Lieutenant Hurd was angered by Plaintiff's filing of the No. 11 C 8862 case. Hurd alleged used racial slurs towards Plaintiff and threatened to retaliate against him including reading his mail, denying him access to medical care, and preventing him from going to the law library. Plaintiff believes that Hurd's interference resulted in a second federal case, Patel v. Hubel, No. 11 C 6713 (N.D. Ill.) (Guzman, J.), being wrongfully dismissed. Plaintiff's present complaint brings suit against both Hurd and Cook County Sheriff Tom Dart.
Sheriff Dart is dismissed because Plaintiff fails to plausibly allege any personal involvement by him in the incident. Ashcroft v. Iqbal, 556 U.S. 662, __, 129 S. Ct. 1937, 1948 (2009) ("[P]laintiff must plead that each government official Defendant, through the official's own individual actions, has violated the Constitution.").
Plaintiff may proceed with a First Amendment retaliation claim against Defendant Hurd. Detainees have First Amendment rights, and this includes the ability to petition the government for redress through lawsuits and jail grievances. Bridges v. Gilbert, 557 F.3d 541, 547-48 (7th Cir. 2009); Dobbey v. Illinois Dep't of Corr., 574 F.3d 443, 446-47 (7th Cir. 2009). To state a retaliation claim, Plaintiff must plausibly suggest: that (1) he engaged in an activity protected by the First Amendment; (2) he suffered a deprivation that would likely deter First Amendment activity in the future; and (3) the First Amendment activity was caused Defendant's to take the retaliatory action. Gunville v. Walker, 583 F.3d 979, 983 (7th Cir. 2009). Plaintiff plausibly states a First Amendment retaliation claim (with the following limitation set forth in the next paragraph) because he suggests that Hurd verbally harassed him, threatened to deny him medical attention, limited his law library access, and read his mail in response to Plaintiff's grievances and lawsuits.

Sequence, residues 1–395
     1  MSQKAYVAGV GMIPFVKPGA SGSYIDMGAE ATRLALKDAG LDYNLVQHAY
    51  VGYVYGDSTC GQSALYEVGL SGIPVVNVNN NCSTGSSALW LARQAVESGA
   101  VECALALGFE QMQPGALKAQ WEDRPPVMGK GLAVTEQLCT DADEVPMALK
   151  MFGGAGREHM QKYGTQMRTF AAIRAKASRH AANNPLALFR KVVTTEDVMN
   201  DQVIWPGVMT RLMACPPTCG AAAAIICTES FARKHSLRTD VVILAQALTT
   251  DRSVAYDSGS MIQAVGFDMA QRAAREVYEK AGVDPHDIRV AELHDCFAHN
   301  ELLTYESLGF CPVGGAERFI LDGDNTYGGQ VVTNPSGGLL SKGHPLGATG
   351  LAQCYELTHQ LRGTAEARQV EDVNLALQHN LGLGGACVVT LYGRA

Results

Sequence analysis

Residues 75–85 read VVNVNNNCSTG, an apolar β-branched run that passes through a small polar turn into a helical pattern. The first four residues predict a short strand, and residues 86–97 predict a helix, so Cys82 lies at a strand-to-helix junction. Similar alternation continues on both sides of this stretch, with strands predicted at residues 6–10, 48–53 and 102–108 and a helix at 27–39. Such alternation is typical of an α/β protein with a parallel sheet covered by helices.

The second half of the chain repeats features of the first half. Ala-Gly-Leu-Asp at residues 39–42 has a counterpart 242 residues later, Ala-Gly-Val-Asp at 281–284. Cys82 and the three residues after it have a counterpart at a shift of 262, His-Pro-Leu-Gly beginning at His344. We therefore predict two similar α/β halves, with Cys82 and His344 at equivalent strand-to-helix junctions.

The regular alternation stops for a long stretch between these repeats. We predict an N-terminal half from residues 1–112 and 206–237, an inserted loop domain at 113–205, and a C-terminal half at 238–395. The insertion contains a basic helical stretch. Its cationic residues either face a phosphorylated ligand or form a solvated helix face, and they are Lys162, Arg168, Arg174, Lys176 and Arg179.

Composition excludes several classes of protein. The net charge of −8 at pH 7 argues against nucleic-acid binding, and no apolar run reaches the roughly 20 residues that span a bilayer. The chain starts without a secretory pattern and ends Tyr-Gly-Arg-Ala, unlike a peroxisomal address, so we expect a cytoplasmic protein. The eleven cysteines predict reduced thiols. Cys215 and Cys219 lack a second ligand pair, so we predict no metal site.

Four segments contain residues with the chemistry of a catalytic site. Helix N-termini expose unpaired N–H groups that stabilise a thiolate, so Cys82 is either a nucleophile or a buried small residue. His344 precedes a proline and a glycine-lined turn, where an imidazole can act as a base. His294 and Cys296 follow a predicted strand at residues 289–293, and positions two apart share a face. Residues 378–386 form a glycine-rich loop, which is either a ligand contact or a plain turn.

However, Plaintiff's retaliation claim cannot include the dismissal of Patel v. Hubel, No. 11 C 6713 (N.D. Ill.). Plaintiff's view is that case was dismissed through Hurd's influence as part of the larger pattern of unlawful retaliation. Judge Guzman's dismissal order explains that Plaintiff's complaint in the No. 11 C 6713 case failed to state a claim because Plaintiff impermissibly sought to sue his public defender under 42 U.S.C. § 1983. No. 11 C 6713, Dkt. No. 4. A retaliation claim requires "a causal link between the protected act and the alleged retaliation." Woodruff v. Mason, 542 F.3d 545, 551 (7th Cir. 2008) (citations omitted). This is not present as to the No. 11 C 6713 case. Hurd had no hand in the dismissal of that case. It was dismissed due to Judge Guzman's determination that Plaintiff failed to state a claim, not out of retaliation for Plaintiff exercising his First Amendment rights.
The parties should also be aware that the claim is for First Amendment retaliation, not for the alleged underlying tactics employed by Hurd against Plaintiff. Plaintiff has phrased his complaint as alleging retaliation. The Court notes this point because it is proper to bring a retaliation claim even when then underlying retaliatory actions do not violate the Constitution on their own Hoskins v. Lenear, 395 F.3d 372, 375 (7th Cir. 2005). For example, verbal harassment by itself does not violate ...